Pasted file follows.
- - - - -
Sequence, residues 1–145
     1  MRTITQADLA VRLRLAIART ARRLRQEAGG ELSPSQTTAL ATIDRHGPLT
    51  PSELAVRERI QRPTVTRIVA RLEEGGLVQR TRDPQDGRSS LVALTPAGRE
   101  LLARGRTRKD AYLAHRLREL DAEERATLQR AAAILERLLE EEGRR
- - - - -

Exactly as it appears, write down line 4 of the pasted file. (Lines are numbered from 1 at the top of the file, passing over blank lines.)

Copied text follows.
   101  LLARGRTRKD AYLAHRLREL DAEERATLQR AAAILERLLE EEGRR